\[{{R}_{TH}}={{v}_{o}}/{{i}_{o}}\]

Thevenin’s Theorem Solved Example with Voltage Source

Find Thevenin equivalent circuit of the following network.

Thevenin’s Theorem Solved Example 1

By applying nodal voltage method,

$\frac{{{V}_{1}}-25}{5}+\frac{{{V}_{1}}}{20}-3=0$

${{V}_{1}}=32~V$

${{V}_{th}}=32V$

 To find short circuit current, we short-circuited terminals a and b as shown in the following figure:

short circuit current

Again using nodal voltage method,

$\frac{{{V}_{2}}-25}{5}+\frac{{{V}_{2}}}{20}-3+\frac{{{V}_{2}}}{4}=0$

${{V}_{2}}=16~V$

${{I}_{sc}}=\frac{{{V}_{2}}}{4}=\frac{16}{4}=4A$

So,

${{R}_{th}}=\frac{{{V}_{th}}}{{{I}_{sc}}}=\frac{32}{4}$

${{R}_{th}}=8~\Omega $

Now, we have following equivalent circuit:

Thevenin Circuit

Thevenin’s Theorem Solved Problem with Dependent Sources

Consider a circuit shown in the following figure. We will determine Vth and Rth across terminals a and b of the circuit.

Thevenin Example 1

Applying KCL at node 1:

\[\begin{matrix}   \frac{{{V}_{1}}-5}{2000}+\frac{{{V}_{1}}}{6000}+\frac{{{V}_{1}}-{{V}_{2}}}{1000}=0 & \cdots  & (1)  \\\end{matrix}\]

Multiply (1) by 6000 yields

\[3{{V}_{1}}\text{- }15\text{ }+\text{ }{{V}_{1}}+\text{ }6{{V}_{1}}\text{ -}6{{V}_{2}}=\text{ }0\]

\[10{{V}_{1}}=\text{ }6{{V}_{2}}+\text{ }15\]

\[{{V}_{1}}=\text{ }0.6{{V}_{2}}+\text{ }1.5\]

Applying KCL at node 2:

\[\begin{matrix}   \frac{{{V}_{2}}-{{V}_{1}}}{1000}+0.0005{{V}_{1}}+\frac{{{V}_{2}}}{10000}=0 & \cdots  & (2)  \\\end{matrix}\]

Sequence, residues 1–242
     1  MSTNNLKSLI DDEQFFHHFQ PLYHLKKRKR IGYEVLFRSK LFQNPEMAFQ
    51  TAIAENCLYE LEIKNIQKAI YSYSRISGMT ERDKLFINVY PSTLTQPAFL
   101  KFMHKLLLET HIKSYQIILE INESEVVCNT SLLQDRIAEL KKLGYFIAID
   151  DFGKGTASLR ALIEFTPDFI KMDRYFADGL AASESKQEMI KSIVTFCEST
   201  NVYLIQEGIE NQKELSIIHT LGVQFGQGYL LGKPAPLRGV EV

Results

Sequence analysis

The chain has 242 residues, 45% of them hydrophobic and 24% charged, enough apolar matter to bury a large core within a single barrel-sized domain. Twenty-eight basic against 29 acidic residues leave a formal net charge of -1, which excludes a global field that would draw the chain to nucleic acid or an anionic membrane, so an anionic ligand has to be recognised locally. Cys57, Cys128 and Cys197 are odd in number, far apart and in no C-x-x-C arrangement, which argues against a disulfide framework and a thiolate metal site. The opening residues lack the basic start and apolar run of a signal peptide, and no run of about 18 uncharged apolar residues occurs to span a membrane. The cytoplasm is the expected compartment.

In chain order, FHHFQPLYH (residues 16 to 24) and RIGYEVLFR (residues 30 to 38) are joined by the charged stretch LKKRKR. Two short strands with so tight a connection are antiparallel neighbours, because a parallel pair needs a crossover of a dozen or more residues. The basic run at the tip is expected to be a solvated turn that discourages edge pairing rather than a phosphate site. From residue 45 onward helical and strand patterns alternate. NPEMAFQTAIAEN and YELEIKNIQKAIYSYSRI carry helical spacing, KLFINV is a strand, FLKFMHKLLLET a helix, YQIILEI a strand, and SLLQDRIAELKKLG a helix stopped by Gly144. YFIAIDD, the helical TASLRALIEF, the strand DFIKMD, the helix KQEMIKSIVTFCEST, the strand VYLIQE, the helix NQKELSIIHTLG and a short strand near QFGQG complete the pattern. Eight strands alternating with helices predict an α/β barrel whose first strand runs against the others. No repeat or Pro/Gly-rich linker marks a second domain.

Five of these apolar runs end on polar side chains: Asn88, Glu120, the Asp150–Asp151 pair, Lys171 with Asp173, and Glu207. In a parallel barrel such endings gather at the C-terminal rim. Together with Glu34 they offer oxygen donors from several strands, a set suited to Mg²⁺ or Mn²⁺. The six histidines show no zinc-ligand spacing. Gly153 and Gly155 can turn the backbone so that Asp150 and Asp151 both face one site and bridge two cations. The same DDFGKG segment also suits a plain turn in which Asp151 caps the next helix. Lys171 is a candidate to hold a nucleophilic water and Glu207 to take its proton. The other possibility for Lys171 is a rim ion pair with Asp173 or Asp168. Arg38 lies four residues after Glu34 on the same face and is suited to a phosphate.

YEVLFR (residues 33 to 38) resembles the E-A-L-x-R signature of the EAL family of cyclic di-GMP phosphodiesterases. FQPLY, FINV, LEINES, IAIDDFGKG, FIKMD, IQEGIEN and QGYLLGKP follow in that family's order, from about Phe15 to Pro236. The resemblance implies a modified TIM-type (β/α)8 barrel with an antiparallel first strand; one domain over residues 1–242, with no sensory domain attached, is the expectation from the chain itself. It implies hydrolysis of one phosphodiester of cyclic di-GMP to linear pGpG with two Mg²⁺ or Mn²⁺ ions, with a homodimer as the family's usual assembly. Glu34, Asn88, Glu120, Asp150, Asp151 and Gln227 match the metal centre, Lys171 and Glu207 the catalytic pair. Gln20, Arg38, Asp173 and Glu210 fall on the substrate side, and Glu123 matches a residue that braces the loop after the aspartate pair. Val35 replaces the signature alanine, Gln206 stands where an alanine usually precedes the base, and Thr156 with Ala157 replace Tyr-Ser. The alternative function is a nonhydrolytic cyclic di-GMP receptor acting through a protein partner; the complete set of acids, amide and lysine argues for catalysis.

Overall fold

Multiply (2) by 10000 yields

\[10{{V}_{2}}\text{ -}10{{V}_{1}}+\text{ }5{{V}_{1}}+\text{ }{{V}_{2}}=\text{ }0\]

\[11{{V}_{2}}\text{ -}5{{V}_{1}}=\text{ }0\]

\[11{{V}_{2}}\text{- }5(0.6{{V}_{2}}+\text{ }1.5)\text{ }=\text{ }0\]

\[8{{V}_{2}}=\text{ }7.5\]

 Finally we have

\[{{V}_{th}}=\text{ }{{V}_{oc}}=\text{ }{{V}_{2}}=\text{ }7.5/8\text{ }=\text{ }0.9375\text{ }V\]

Now, we have dependent source, so method 1 cannot be used for finding Equivalent resistance Rth. Either Method 2 or Method 3 can be utilized here. We will prefer to employ second method. Terminals a and b are to be shorted as shown in the following figure and V2 = 0.

Thevenin Example 2

Applying KCL at node 1:

\[\begin{matrix}   \frac{{{V}_{1}}-5}{2000}+\frac{{{V}_{1}}}{6000}+\frac{{{V}_{1}}}{1000}=0 & \cdots  & (3)  \\\end{matrix}\]

Multiplying (3) by 6000 yields:

\[3{{V}_{1}}\text{- }15\text{ }+\text{ }{{V}_{1}}+\text{ }6{{V}_{1}}=\text{ }0\]

\[10{{V}_{1}}=\text{ }15\]

\[{{V}_{1}}=\text{ }1.5\text{ }V\to \text{ }v\text{ }=\text{ }{{V}_{1}}=\text{ }1.5\text{ }V\]

The current through R3 (⟶) is given by

\[{{I}_{{{R}_{3}}}}=\text{ }{{V}_{1}}/{{R}_{3}}=~1.5\text{ }V/1k\Omega =\text{ }1.5mA\]

The current through VCCS (↓) is given by

\[{{I}_{VCCS}}=\text{ }0.0005{{V}_{1}}=~0.0005*1.5\text{ }A\text{ }=\text{ }0.75mA\]

Now, short-circuit current would be

\[{{I}_{sc}}=\text{ }{{I}_{{{R}_{3}}}}\text{ -}{{I}_{VCCS}}=\text{ }1.5mA\text{ -}0.75mA=\text{ }0.75mA\]

And Thevenin’s equivalent resistance is

\[{{R}_{th}}={{V}_{th}}/{{I}_{sc}}=\text{ }0.9675\text{ }V/0.75mA=\text{ }1.25\text{ }k\Omega \]

Summary of Thevenin’s Theorem

Following steps are being used to determine Thevenin’s equivalent circuit.

  1. The portion of circuit considered as load is removed
  2. The open circuit voltage Voc is calculated at terminals.
  3. To calculate Rth
  • Short circuit all independent voltage sources.
  • Open circuit all independent current sources.
  1. Draw equivalent circuit, connect the load and determine load current.
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About Ahmad Faizan

Mr. Ahmed Faizan Sheikh, M.Sc. (USA), Research Fellow (USA), a member of IEEE & CIGRE, is a Fulbright Alumnus and earned his Master’s Degree in Electrical and Power Engineering from Kansas State University, USA.